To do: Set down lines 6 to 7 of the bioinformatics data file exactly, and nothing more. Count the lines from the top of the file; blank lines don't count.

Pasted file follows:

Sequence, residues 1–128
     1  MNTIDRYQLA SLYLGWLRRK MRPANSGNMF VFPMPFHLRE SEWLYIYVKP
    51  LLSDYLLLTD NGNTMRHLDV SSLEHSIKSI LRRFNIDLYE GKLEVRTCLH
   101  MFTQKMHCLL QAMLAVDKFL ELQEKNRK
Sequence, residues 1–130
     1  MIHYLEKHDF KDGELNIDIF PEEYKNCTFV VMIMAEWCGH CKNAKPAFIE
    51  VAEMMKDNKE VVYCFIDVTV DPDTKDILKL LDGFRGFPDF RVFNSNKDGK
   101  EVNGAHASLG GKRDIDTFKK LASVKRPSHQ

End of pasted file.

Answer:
     1  MIHYLEKHDF KDGELNIDIF PEEYKNCTFV VMIMAEWCGH CKNAKPAFIE
    51  VAEMMKDNKE VVYCFIDVTV DPDTKDILKL LDGFRGFPDF RVFNSNKDGK